Overdrive: A Little Detour with Intel's Turbo Mode
Intel's Core i7 processors are equipped with integrated circuits, which are meant to protect the CPU from overheating or from excessive electric currents (TDP/TDC settings). However, the thresholds for these features, which effectively are limiters, throttling the processor clock speed and voltage when the threshold is reached, can be altered in the BIOS if the processor Turbo mode is activated. Now it is possible to set higher clock speeds and voltages to reach better performance on liquid nitrogen cooling.
EIST Attacks From Behind
Unfortunately, Turbo mode requires Intel's Enhanced Speedstep feature (EIST), which is responsible for automatically adjusting multipliers in an effort to reduce idle power consumption - or to run a single core at two multipliers above the specified speed. The reason behind the Turbo mode to accelerate single threaded applications, which run faster on higher clock speeds.
The issue with EIST is that it would still drop the voltage when the system runs idle, even though the multipliers aren't changed. Still, insufficient voltage is a huge issues for our overclockers, who have been running Core i7 at 4.7 to 5.1 GHz - this requires voltages of approximately 1.5 V.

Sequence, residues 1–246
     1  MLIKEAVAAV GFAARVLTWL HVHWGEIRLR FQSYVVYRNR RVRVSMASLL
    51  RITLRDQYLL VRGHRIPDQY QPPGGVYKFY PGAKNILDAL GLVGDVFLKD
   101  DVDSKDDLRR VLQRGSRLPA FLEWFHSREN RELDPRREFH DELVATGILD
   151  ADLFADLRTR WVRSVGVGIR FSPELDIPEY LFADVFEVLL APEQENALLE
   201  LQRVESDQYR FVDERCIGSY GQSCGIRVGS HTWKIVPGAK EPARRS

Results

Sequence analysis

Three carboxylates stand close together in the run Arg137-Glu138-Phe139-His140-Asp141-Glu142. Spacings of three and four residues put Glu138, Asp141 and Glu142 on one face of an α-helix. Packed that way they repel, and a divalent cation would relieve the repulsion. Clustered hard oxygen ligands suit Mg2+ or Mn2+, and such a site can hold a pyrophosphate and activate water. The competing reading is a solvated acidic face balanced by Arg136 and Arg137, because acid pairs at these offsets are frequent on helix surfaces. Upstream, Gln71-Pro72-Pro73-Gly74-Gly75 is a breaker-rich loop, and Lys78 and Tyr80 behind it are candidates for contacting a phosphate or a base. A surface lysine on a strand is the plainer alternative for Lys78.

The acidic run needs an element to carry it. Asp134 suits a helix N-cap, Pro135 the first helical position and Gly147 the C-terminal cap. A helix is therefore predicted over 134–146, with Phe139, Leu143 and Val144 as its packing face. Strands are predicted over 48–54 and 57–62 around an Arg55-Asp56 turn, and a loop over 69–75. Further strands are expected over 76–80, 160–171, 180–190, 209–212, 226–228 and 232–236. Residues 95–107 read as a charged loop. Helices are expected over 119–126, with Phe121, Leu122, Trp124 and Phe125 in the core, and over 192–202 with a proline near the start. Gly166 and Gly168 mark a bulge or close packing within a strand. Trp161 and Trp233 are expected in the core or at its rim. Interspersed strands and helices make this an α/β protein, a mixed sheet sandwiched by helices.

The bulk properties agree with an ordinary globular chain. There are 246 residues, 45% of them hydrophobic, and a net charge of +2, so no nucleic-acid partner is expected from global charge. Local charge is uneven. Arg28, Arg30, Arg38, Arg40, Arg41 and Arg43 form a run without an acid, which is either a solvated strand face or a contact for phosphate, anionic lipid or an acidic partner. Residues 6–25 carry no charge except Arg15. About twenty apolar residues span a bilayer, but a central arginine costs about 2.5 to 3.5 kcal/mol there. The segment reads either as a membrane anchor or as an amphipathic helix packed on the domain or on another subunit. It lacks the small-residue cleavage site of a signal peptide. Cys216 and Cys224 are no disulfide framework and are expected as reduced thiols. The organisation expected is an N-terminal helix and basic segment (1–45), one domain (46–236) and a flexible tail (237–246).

How Turbo Mode Can Have The Reverse Effect
Once the Turbo mode is activated, it is also important to make sure that the TDP (Thermal Design Power) and TDC (Thermal Design Current) limits are set to the maximum value, as the feature cannot be disabled. Once taken care of, the processor would not throttle when it reaches its current or power maximum, which was specified at 130 W. The system will remind you to take care of the TDP and TDC values once you set a high multiplier like e.g. x28, and run a benchmark that has all cores operate at peak power. In such a case, the protective mechanisms willautomatically utilize the EIST feature to drop two multipliers in an effort to protect the CPU.
Team IronMods says that there definitely are ways to ignore the TDP/TDC readings and lock in the multiplier for good. Unfortunately, not all motherboard makers managed to implement this yet.